Perspectives and Political Beliefs
I have been fortunate to have friends who house different political beliefs and are unafraid to disagree with me. Fiery debates on our way to the CDH (Central Dining Hall) or the main building have swayed me or at least made to reconsider my beliefs. After losing an argument, I would return to the house, with a bruised ego, and delve further into the topic to strengthen my reasoning. My friends would then do the same and round we would go. What allowed our group dynamic to function was that we allowed multiple perspectives to co-exist. We carefully considered other arguments without labelling them as ‘conservative’, ‘dumb’ or ‘hyper liberal’. This dynamic developed our understanding of politics and our engagement with the rest of the world. However, similar dynamics are becoming alarmingly rare.
Today, peer pressure is a dominating factor when one decides their political orientation. This is partly due to social media, partly to a lack of reading and partly due to increased stigmatization. Many are identifying as liberals or conservatives depending on their friends. Certainly, friends have always had a role in one’s political beliefs, but never have they been such a dominating and destructive force.
The nurturing of the cancel culture is particularly responsible for this. Despite having limited understanding of an issue, or another person’s reasoning, one can very easily call someone out. This is intensified since the person who calls someone else out is not required to justify their actions, but rather the other way around. This lifts all responsibility from them, encouraging them to call others out at every chance they get. More pervasively however, this legitimizes not listening to the other side. Certain political beliefs have been stigmatized or entirely cancelled by social media. I have friends who would not publicly reveal that they are conservative, trump supporters or even communist for these reasons, despite having sound reasoning for their choices. The culture of stigmatizing and cancelling entire political opinions, makes it legitimate for people to choose not to listen to others, often missing out on their reasoning. The type of dynamic mentioned early, is made exceedingly difficult in such a scenario since opposing your friend’s risks being excluded from them entirely. As a result, the gap between the left and right is widening so much that is becoming difficult to build a bridge across it.
What intensifies this is the structure of social media. On social media platforms, you choose who to follow and consequentially who to listen to and most of these are likely to be your friends. As a result, your social media is constantly populated with mostly your own friends’ political beliefs. Every second Instagram story you open is pushing a political orientation towards you. This is especially vicious when these posts often only contain one political perspective and evaluate political issues on their surface. They often have misleading headlines or false facts. The 50-word limit in twitter, the endless scroll on Instagram etc… compound this issue. It becomes even more difficult to reconsider these views when there is no direct way to engage with them. While comments are an exception in a way, the very fact they take place online limits their engagement. The ease to then repost such posts compounds the issue further. Furthermore Covid-19 has moved all interactions online, so the opposition you might have faced from others around you has decreased significantly. As a result, you are facing increasing pressure to conform to your friend’s political orientation. This became apparent to me when posts about the farmer protests were circulating. Rarely did I see a post defending the government or even acknowledging what the BJP’s arguments were. It was simply too easy to pick one side without reading up on the heart of the problem. Even if you oppose the farm bill, it does not mean you cannot acknowledge some of its merits.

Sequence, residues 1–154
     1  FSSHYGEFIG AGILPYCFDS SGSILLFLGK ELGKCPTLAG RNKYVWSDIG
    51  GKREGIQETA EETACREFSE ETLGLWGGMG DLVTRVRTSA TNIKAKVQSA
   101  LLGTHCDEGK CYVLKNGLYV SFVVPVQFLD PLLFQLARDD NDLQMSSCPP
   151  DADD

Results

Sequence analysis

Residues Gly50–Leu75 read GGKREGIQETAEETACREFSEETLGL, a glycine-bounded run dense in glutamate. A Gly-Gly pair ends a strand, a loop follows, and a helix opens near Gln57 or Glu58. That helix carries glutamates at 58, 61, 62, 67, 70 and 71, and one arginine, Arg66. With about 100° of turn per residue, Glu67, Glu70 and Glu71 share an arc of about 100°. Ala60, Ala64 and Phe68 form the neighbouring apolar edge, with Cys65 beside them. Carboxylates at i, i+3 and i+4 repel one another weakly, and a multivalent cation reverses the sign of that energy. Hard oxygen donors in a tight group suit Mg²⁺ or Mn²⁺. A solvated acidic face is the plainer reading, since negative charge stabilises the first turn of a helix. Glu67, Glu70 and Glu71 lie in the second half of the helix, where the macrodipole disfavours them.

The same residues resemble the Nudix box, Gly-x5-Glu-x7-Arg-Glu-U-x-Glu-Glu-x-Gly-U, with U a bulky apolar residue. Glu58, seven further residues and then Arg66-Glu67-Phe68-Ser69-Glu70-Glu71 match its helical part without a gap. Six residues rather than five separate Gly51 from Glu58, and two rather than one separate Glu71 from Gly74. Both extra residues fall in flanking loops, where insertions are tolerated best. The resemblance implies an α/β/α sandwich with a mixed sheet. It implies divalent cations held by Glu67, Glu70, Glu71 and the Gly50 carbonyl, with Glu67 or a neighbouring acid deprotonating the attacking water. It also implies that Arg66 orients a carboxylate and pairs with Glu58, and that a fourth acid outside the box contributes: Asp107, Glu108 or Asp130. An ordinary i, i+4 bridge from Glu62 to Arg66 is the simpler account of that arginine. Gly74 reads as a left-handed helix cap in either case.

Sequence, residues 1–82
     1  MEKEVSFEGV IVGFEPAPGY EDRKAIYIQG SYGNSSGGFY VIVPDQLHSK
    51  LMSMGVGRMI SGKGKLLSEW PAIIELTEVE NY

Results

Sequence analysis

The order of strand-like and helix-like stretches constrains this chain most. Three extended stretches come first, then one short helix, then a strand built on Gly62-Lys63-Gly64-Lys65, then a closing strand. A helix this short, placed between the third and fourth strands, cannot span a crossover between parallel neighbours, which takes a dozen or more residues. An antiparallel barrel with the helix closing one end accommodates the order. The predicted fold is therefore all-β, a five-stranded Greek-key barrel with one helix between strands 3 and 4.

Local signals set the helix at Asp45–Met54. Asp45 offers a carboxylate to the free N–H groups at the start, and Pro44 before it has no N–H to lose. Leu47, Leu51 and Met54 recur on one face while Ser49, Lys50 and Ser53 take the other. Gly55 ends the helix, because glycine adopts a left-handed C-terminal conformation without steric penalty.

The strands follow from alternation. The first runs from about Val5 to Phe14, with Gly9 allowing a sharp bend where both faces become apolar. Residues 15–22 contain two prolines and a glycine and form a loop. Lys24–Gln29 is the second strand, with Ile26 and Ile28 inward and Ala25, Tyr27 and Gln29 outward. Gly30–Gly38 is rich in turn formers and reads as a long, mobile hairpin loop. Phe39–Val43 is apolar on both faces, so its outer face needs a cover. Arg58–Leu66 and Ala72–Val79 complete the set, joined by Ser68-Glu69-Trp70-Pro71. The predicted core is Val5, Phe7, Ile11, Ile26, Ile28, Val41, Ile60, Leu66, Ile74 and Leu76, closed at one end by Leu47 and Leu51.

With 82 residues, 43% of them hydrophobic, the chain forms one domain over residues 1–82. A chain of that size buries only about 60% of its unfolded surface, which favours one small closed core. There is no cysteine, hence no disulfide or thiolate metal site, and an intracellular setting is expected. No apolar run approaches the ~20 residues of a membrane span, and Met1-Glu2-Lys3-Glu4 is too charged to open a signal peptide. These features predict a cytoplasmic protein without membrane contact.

It is during these teenage years that we begin to build our political beliefs, and therefore its crucial that when we do choose a side, we carefully pick it. It is very easy to block out other perspectives, but that is why we need to make additional effort to listen to them. Whether this means switching on fox news just to hear what they have to say or picking up the south china morning post; the effort to listen to other side is crucial. Importantly, you must listen with an open mind and not jump to labelling the other side. How many of us ever watches Donal Trump rally and thinks, maybe what he is saying could make sense? It is important to remember, that it does not have to make sense, but we still must make effort of asking ourselves, what if it does? Additionally, before publicly voicing our opinions and becoming adamant on them, we should research the issue and really delve into its nuances before making up our minds. Simply because a friend asks you to share a post on your story, does not mean you have to.
The takeaway I would like you readers to have from this article, is that it is important to have an open mind to other political beliefs and not stigmatize them. To always read different perspectives before making up your mind, and to think independently and not concede to peer pressure. You do not have to be liberal or conservative because your friends are.